Back to The Caribbean cruise in 1988, the guest entertainers were all accommodated on G Deck or as we called it Equity Court. The cabins were below the water line and we had no showers in the cabins. We had a couple of communal bathrooms and you had to time it right to get ready for the evening. Nearly every night was either formal or informal dress code, the only night this was relaxed was Island Night when the entire theatre company and entertainment officers would perform on deck. These nights were legendary on Canberra. I can still hear the cruise director singing Lionel Ritchie’s ‘All Night Long’….in his very well spoken voice ‘ Well my friends the time has come……it reminded me of Peter Sellers singing ‘ Hard Days Night’.

The entertainers would all dine together at the early sitting in the restaurant, this was very sociable. Now days we eat in the buffet most of the time as its the most convenient and some times you can be on with other acts that you never even meet which is sad really. However,the up side of social media is that we can keep in touch and find out when we will be on the same ship should we want to meet up.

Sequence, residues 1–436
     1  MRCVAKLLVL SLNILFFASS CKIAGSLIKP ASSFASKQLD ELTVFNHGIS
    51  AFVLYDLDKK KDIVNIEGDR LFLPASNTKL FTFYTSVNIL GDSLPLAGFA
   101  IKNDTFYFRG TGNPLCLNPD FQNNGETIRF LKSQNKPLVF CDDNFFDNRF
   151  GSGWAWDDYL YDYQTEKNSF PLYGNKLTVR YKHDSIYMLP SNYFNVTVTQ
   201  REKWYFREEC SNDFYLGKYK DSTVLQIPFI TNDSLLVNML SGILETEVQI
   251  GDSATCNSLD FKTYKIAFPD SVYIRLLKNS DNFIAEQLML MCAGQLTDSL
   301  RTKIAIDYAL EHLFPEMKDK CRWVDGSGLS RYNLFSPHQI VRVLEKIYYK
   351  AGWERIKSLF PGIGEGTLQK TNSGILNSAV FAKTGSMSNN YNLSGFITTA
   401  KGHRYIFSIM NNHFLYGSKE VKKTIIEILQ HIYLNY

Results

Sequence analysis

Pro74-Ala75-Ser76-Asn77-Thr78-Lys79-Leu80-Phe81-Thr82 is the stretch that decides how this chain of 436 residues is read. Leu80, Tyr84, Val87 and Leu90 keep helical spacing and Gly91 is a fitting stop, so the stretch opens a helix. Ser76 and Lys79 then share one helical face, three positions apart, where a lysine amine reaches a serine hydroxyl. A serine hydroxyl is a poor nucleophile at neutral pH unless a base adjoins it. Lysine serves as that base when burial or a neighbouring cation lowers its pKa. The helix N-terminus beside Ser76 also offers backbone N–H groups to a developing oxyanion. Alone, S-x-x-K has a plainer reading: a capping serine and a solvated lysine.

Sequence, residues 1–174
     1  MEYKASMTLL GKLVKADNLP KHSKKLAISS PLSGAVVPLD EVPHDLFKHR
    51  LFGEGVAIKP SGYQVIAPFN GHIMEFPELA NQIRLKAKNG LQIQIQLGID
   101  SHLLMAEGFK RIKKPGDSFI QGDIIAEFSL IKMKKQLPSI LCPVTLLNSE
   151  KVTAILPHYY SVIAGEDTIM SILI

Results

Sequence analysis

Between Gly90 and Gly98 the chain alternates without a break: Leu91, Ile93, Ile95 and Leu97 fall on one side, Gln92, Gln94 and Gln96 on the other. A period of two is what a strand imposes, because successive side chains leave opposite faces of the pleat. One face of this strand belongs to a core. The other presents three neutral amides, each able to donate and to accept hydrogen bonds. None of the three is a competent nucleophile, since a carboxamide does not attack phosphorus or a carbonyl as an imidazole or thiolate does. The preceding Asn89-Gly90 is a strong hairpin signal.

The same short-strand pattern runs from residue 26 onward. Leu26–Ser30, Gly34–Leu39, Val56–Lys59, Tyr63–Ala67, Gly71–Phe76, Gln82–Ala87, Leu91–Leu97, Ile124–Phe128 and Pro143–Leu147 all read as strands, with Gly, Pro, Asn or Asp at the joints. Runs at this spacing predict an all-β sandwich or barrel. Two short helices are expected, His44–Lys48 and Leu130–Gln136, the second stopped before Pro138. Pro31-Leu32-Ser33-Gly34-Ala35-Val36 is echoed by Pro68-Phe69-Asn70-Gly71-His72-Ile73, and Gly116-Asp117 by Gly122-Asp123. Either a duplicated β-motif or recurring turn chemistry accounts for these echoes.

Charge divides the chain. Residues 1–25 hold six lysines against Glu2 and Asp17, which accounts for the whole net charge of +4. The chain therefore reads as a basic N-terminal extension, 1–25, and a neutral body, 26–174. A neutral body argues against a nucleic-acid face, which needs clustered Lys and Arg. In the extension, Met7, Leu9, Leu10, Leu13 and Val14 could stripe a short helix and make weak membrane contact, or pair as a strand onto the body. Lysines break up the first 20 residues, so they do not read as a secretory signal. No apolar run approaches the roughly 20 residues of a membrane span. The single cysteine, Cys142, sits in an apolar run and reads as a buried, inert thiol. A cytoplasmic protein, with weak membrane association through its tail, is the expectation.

Back to the Caribbean cruise, when I said earlier that I could have been put of for life it was because by half way through my second full show I had no material left what so ever. I still have nightmares about this, we hadn’t even reached the Caribbean and I was joke-less!.My gag bank was completely over drawn. (just checking I’ve worded that right!!) Now despite what alternative comics say about mainstream comics I have never really been one to steal material from other comics (honest!!) but I have to admit that on this cruise I borrowed, begged and stole jokes from where ever I could get them. Any comic that I could remember working with,some of their jokes made it in to my act. I remembered classic jokes from my comedy idol as a kid Max Miller. I had to survive, there was no way I was going to give in. I even went on to the ships evening radio broadcast and advertised a joke competition. I managed to get enough jokes sent in from the passengers to fill a thirty minute spot. This was an idea that I had picked up years earlier when working as a Green Coat Coat on the holiday camps. I still have joke books and notes from those days at home. I would walk in to my cabin and the whole bed was covered with pieces of paper with ideas,routines and jokes written down. What that cruise also taught me was that despite some acts referring to it as ‘ship material’ the passengers love to hear you talk about the ship and the ports of call. In-fact over the last few months I have joined ships in different ports of call due to a last minute change of schedule or the ship missing the port. I have now built up a routine about missing the ship and the nightmare journey. If I join a ship in the port I was supposed to join in I feel as though I am missing out on performing a strong ‘bit’.